Scholarly evidence now supports the idea that the Hebrews coexisted with many other peoples in the Canaan of the 12th century B.C. Archaeologists in particular cast doubt on the claim that a new group of marauders came out of the desert and annihilated pre-existing cities and peoples; the evidence of such massacres simply is not there. What really happened, Jenkins argues, is that the Deuteronomic writers, concerned about dangerous political and religious conditions, were “telling a story and at every possible stage heightening the degree of contrast and separation between Israel and those other nations,” not for the sake of historical accuracy but to send a spiritual message to their own people. “Israel had to kill its inner Canaanite,” so “perhaps the later commentators, Jewish and Christian, were not that misguided in seeing the massacres in allegorical terms.”

What does all this imply for practicing Christians today? In Jenkins’ view, ministers and worshipers should face up to the genocidal texts because they are an integral part of the Bible, whose Old and New Testaments, he believes, depend on one another. He invokes the authority of Martin Luther, who reminded the excitable first generation of Protestant Bible readers not to take any passage out of context, always to think of the overall meaning of a book, and to be attentive to the setting and specifics of a passage. Deuteronomy 7, for example, can then be understood not as a claim that it’s right for Christians to massacre their enemies but as “a call to absolute dedication.” If we continue to ignore or deny these texts rather than face up to them in their proper context, we will be taken by surprise when another fanatic uses them to justify murder.

That’s asking a lot of ordinary Christians because only sustained study in the historical-critical method can lead them to understand and share his conclusions. Jenkins must know he’s aiming far higher than most congregations are willing to stretch. As I reached the last chapter of Laying Down the Sword, I had mixed feelings. On the one hand this book is a wonderful example of the kind of rigorous work Christians must do if they are to retain intellectual credibility—Jenkins is doing just what Mark Noll asked for in his 1995 manifesto The Scandal of the Evangelical Mind. He’s also right to show the unreasonableness of thinking that Islam is essentially a religion of violence and war and Christianity a religion of peace. On the other hand it’s hard to escape the feeling that he is making excuses for the biblical authors. Perhaps it is true that they used the language of genocide only figuratively, but in doing so they gave warrants to people who not only committed actual genocide but claimed God’s blessing for it into the bargain.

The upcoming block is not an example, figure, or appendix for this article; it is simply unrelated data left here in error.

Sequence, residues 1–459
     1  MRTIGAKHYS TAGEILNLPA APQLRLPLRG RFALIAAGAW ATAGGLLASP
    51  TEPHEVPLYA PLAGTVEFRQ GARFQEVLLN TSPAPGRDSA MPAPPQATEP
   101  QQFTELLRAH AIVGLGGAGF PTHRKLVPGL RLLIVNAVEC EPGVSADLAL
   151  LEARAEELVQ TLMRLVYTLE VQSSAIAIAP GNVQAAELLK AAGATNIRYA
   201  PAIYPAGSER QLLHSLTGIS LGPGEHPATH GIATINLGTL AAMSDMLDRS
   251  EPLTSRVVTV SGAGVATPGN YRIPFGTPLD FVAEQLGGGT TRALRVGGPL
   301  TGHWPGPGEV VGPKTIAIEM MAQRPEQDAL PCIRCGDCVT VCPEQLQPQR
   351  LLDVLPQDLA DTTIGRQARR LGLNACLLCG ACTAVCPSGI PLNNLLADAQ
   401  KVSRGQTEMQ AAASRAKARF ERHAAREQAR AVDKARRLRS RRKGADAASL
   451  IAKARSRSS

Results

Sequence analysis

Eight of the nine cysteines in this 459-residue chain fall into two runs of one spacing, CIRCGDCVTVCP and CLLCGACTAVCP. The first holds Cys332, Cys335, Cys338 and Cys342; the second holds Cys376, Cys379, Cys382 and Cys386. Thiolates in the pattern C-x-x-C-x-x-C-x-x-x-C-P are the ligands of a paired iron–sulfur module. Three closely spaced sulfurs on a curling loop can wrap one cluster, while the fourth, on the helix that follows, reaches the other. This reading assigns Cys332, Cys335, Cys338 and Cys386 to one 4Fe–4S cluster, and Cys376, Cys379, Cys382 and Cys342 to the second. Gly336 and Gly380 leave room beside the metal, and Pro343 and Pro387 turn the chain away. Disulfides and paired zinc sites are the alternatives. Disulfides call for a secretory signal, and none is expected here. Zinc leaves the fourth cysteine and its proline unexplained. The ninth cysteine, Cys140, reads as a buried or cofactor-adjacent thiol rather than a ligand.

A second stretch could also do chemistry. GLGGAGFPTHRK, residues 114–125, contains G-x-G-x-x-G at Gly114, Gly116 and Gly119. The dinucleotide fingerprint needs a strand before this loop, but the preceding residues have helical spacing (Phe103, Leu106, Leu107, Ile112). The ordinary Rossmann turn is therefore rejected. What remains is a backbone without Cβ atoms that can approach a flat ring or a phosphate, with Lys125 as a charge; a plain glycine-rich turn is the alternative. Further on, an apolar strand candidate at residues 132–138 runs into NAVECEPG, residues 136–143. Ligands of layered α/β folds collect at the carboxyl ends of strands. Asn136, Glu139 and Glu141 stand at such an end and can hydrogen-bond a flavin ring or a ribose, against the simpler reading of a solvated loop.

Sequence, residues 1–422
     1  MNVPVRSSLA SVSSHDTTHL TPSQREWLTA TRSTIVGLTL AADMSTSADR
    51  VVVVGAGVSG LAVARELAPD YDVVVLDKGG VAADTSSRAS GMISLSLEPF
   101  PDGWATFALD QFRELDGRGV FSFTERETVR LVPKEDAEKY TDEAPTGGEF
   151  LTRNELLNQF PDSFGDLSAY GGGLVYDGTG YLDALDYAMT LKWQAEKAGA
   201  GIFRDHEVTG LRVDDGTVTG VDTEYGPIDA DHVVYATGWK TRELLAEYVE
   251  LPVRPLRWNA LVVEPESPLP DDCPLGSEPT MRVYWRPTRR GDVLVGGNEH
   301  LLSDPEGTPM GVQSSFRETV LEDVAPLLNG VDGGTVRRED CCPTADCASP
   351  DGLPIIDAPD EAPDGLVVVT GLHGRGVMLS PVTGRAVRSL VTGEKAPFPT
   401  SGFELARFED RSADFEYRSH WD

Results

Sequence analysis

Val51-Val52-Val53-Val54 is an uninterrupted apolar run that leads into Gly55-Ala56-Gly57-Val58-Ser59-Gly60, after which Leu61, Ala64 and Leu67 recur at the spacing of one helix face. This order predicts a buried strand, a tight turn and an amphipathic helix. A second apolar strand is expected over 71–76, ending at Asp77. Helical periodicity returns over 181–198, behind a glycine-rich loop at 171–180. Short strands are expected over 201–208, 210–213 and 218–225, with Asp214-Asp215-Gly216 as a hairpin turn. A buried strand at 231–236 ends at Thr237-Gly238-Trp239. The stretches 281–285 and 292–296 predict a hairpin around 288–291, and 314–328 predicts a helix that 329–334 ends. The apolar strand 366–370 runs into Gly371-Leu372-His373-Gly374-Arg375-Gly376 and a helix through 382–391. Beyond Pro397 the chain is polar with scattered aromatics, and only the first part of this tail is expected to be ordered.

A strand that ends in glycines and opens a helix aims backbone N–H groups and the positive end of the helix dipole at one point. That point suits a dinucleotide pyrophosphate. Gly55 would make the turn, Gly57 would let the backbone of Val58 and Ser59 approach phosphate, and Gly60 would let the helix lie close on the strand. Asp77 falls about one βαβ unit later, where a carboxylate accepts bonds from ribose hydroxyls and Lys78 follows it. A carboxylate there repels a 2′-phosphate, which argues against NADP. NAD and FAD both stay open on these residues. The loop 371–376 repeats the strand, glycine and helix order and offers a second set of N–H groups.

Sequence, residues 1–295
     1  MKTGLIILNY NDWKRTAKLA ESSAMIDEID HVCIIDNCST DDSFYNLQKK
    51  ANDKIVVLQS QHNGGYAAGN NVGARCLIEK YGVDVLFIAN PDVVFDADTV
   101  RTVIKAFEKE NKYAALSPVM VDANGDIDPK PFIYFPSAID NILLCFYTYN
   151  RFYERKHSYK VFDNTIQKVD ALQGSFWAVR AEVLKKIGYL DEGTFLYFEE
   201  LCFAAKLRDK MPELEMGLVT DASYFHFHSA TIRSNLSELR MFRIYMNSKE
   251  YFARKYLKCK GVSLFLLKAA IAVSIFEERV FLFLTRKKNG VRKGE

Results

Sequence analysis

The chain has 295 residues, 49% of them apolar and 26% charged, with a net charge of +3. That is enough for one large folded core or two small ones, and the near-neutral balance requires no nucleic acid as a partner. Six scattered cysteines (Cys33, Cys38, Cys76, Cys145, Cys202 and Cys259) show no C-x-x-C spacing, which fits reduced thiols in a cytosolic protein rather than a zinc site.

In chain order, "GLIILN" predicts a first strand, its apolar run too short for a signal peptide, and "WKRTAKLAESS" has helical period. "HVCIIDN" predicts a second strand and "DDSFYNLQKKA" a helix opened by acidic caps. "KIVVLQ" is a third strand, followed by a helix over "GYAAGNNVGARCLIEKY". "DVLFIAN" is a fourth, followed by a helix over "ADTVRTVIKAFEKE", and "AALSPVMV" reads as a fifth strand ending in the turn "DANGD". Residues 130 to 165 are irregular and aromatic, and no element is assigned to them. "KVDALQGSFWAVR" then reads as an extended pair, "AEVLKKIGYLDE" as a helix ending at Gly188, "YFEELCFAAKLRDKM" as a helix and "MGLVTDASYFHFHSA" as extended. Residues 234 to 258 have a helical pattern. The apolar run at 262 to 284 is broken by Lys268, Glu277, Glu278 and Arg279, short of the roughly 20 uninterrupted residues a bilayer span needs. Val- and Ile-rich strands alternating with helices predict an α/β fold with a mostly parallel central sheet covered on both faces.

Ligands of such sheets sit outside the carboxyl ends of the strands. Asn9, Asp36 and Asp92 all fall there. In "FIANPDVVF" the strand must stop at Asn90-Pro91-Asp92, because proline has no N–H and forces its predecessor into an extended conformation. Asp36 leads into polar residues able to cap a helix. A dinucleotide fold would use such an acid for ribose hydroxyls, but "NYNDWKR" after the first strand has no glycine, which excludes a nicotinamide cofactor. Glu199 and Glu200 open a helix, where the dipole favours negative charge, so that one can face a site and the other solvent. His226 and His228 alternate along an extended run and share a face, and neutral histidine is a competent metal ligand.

Let me end with another paradox about which I would have liked to hear Jenkins’s thoughts. He encourages us to look at historical events from the vantage point of the weaker party, and he tells us that we need to reincorporate the genocidal passages into our understanding and worship. That got me thinking about another biblical genocide—Noah’s flood. We are all familiar with pictures of the animals lining up two-by-two and parading into the ark; these plucky survivors have become a staple subject for greeting-card artists, songwriters, cartoonists, even environmentalists. What we are not used to thinking about is the fact that God Himself in this story is committing genocide, killing everyone in the world except for the members of a single family. It’s a horrifying tale but one that our culture treats as colorful and uplifting, a prelude to the first rainbow. I’ve never heard a sermon on it as an act of divine rage and apocalyptic destruction. Perhaps that just confirms Jenkins’ general point that we should be a lot more self-aware and self-critical when we think about our religion and a lot slower to condemn the violent tendencies in the religions of others.

Patrick Allitt is a professor of history at Emory University and author of The Conservatives: Ideas and Personalities Throughout American History and Catholic Intellectuals and Conservative Politics in America, 1950-1985.